Reduce Silage Spoilage with Amasile

Share this:

BioZyme Reduce Silage SpoilageSilage is a staple in many livestock rations. However, if not fermented properly, silage can lose valuable energy, protein and fiber components that are often destroyed during the ensiling process.

BioZyme® Inc. has developed a natural silage additive called AmaSile™ which is scientifically formulated to reduce the time required by silage to properly ferment, minimize nutrient loss and reduce spoilage by undesirable bacteria.

“AmaSile works to stimulate the growth and development of beneficial microorganisms that speed up and stabilize the fermentation process,” said Dorothy Orts, Area Sales Manger for BioZyme. “The results are a stable, highly palatable and more digestible silage that promotes feed and energy intake and improves animal performance. Producers who use it appreciate how cool the silage stays right after chopping and how fresh it remains until the pile is gone.”

AmaSile works to:

  • Preserve more nutrients and dry matter
  • Support lactic acid bacteria
  • Improve anaerobic ability
  • Lower pH
  • Improve shelf life
  • Reduce heating/spoilage

In ideal conditions, lactic acid bacteria grow rapidly by utilizing the sugar in fresh forage. These bacteria are very efficient and quickly use the sugar to produce lactic acid. The production of lactic acid lowers pH levels of silage and protects it from unwanted microbial growth, such as molds and Listeria monocytogenes during fermentation. AmaSile contains metabolites produced from a proprietary fermentation product, and, unlike silage inoculants, does not contain live microorganisms and therefore remains stable throughout storage and application.

According to a research trial conducted by Dr. Chlou Keh-Ming of National Chung Hsing University in Taiwan, cows fed corn silage treated with AmaSile during the summer exhibited greater dry matter intake, an average milk increase of 3 lbs., and increased weight gain than the control group fed untreated silage. The winter trial showed lower dry matter intake with 3.5 lbs more milk and increased weight gain. Corn silage treated with AmaSile also exhibited a lower pH, a higher percentage of lactic acid, a lower percentage of acetic and butyric acids, decreased NDF (Neutral Detergent Fiber) and ADF (Acid Detergent Fiber), and a higher percentage of crude protein and protein fraction A, according to the trial results.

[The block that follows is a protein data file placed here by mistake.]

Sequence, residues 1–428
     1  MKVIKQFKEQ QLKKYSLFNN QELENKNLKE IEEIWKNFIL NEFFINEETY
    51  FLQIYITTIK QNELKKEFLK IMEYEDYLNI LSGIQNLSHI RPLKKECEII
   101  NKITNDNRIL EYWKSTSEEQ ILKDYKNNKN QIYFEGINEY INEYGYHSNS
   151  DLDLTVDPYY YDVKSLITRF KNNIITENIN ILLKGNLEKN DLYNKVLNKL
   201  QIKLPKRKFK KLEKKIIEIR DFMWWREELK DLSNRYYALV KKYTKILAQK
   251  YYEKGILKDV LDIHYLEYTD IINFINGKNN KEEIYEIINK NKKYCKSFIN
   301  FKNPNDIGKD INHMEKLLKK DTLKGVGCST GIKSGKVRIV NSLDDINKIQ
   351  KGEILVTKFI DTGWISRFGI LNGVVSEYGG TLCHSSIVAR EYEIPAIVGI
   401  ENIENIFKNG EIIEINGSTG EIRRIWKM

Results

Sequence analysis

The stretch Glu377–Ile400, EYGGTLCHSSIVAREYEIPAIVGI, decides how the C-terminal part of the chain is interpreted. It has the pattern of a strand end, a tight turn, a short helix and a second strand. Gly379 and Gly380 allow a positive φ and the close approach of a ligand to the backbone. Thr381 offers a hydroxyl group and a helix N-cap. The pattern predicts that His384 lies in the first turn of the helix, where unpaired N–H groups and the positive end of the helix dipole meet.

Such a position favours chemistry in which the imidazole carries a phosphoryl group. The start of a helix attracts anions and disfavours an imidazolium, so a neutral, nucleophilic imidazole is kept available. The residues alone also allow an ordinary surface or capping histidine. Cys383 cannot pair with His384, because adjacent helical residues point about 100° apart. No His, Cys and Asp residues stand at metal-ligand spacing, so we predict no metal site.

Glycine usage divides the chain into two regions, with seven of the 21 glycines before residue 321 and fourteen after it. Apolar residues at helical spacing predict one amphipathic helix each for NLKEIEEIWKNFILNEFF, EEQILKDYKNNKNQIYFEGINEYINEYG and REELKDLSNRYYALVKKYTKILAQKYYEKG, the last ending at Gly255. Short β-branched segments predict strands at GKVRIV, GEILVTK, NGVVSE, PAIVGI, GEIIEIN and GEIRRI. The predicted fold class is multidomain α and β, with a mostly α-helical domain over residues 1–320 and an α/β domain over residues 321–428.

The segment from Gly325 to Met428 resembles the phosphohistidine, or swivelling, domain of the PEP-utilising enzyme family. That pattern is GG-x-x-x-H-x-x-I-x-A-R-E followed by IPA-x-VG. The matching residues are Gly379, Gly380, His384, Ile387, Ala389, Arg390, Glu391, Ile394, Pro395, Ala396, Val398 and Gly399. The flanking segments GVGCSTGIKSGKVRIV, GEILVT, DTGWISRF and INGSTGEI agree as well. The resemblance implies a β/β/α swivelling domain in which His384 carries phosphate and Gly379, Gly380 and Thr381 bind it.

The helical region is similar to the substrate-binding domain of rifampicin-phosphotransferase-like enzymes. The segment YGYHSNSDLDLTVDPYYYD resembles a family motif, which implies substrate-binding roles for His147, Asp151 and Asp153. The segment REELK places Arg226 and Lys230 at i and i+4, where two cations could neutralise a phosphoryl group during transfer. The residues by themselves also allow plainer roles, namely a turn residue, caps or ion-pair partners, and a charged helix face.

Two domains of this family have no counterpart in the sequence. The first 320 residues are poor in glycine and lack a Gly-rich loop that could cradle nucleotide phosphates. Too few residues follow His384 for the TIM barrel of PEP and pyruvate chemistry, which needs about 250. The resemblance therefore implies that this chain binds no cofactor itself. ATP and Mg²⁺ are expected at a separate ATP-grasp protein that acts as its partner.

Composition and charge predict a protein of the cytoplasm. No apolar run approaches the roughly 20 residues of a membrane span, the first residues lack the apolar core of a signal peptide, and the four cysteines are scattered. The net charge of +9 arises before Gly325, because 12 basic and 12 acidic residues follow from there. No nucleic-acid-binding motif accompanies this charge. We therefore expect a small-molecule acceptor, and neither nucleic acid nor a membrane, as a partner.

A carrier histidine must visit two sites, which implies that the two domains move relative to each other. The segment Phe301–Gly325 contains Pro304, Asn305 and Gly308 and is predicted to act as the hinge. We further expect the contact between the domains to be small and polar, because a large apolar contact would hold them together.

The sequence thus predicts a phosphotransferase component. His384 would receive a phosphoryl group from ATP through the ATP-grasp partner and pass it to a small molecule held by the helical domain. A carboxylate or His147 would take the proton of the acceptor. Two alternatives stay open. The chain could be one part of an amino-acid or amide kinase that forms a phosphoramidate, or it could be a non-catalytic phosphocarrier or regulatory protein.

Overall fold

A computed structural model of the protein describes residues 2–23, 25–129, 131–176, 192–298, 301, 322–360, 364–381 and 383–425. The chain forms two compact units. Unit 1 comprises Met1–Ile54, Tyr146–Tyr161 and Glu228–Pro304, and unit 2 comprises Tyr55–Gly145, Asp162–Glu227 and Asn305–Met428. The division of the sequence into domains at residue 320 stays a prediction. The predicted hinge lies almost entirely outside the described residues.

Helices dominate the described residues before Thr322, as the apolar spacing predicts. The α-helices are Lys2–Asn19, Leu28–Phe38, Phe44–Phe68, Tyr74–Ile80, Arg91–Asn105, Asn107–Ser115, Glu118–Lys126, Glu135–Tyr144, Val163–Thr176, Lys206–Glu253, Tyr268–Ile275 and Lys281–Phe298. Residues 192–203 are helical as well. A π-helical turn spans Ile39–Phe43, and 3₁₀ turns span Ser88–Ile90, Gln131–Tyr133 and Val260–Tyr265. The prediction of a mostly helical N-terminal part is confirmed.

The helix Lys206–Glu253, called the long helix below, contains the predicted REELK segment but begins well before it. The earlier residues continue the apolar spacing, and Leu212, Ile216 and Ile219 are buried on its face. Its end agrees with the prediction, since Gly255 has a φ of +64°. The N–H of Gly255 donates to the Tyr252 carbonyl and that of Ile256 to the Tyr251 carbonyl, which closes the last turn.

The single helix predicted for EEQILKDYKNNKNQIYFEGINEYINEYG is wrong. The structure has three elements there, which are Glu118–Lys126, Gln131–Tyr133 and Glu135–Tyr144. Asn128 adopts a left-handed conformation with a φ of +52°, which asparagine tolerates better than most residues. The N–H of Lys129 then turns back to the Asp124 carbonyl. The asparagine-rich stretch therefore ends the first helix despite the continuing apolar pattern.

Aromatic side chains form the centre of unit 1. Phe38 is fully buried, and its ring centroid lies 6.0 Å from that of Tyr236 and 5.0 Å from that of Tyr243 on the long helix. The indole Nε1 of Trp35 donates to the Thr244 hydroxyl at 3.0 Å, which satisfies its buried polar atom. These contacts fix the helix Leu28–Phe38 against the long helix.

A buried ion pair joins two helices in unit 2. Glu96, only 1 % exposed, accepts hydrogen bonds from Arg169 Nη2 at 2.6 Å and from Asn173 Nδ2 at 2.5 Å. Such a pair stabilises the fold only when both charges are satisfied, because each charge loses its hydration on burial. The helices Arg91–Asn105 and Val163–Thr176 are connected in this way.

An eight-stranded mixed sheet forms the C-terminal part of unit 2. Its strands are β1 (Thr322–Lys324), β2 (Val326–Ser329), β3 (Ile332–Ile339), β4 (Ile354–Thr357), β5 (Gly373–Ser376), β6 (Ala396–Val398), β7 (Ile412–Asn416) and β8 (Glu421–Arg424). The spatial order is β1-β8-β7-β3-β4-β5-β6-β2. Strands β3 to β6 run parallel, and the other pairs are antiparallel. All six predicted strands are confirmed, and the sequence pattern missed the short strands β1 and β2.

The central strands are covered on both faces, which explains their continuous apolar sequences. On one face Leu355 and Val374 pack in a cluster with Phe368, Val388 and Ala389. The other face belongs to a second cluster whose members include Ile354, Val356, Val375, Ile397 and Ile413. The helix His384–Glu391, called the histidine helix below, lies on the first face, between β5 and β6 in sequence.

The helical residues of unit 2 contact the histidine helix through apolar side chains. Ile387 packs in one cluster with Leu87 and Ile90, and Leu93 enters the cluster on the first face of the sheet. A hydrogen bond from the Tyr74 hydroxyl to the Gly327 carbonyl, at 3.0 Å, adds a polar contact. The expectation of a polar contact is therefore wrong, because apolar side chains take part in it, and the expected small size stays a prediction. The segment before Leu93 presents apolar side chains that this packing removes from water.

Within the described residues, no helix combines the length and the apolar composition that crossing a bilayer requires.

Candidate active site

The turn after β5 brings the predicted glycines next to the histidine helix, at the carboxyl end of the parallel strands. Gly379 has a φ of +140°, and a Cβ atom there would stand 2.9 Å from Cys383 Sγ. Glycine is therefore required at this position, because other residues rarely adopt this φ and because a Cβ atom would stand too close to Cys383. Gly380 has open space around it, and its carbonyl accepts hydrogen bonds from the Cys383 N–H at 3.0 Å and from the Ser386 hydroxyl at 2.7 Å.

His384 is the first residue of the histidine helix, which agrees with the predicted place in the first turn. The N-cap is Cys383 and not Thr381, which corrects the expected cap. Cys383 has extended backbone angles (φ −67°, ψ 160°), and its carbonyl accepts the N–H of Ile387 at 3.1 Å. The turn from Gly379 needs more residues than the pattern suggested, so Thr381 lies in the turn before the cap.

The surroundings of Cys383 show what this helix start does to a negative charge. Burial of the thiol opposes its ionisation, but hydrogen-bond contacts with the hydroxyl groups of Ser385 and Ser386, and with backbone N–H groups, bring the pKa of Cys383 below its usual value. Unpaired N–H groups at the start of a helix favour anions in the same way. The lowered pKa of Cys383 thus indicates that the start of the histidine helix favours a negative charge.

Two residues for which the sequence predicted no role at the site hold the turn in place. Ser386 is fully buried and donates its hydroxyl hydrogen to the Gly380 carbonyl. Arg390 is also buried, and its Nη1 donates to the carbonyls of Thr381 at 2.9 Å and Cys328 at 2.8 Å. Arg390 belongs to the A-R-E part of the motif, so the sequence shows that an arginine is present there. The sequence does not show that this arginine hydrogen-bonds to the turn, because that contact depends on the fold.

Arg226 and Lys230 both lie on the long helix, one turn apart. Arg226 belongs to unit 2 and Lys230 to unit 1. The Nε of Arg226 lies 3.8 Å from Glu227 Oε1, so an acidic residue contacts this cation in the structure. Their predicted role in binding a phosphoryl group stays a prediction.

“These findings are significant,” said Kevin Glaubius, BioZyme Director of Nutrition and Technical Sales. “When forage tests high in ADF, its digestibility decreases, thus reducing the animal’s nutrient and energy intake.  Equally important are the NDF values, which reflect the amount of forage the animal can consume. When NDF percentages elevate, dry matter intake generally decreases. AmaSile has been proven to reduce ADF and NDF values in silage, which are proven to improve feed intake and animal performance.”

AmaSile can be used on any forage, in any storage area including piles, bags and pits. The recommended application is 1 ounce per ton of treated silage. AmaSile is available in a 2.5 gallon size, which can treat up to 320 tons.

Cory Burkle of Burkle Ranch in Fredonia, ND used AmaSile on his 2014 silage, but didn’t realize how much of a difference the product made until he compared it to his 2015 pile, which he did not treat with AmaSile.

“There’s absolutely no comparison between the older pile and the new, untreated pile,” said Burkle. “There is only about a six-inch crust on the 2014 pile and at least 12 inches of waste on the untreated 2015 pile. The quality of the two silage piles is way different too. The AmaSile pile smells much sweeter, not burned at all like the 2015 pile. Not using AmaSile last year proved to me what a great investment the product is in feed quality and waste.”

Related Articles

How to Keep Protein Cost Effective for the Cow Herd The two most vital nutrients in a cow’s diet are energy and protein. Energy plays a very key role in the reproductive and lactation process, calf growth, weaning and overall performance. However, without the proper amount of protein in the diet, ...
Equine: What’s the difference between prebiotics and probiotics? Researchers and veterinarians believe a healthy gut reduces gas and/or colic, improves digestion and absorption of nutrients, benefits the immune system, protects the horse against infection (e.g., by diarrhea-causing organisms such as Salmonella or ...
Donor Cow Nutrition Thoughts of next year’s breeding decisions are in full swing. In addition to natural service and A.I., you may be considering embryo transfer. Flushing those cows with superior phenotype and genetics can be an easy way to make rapid improvements ...
Share this:

Leave a Reply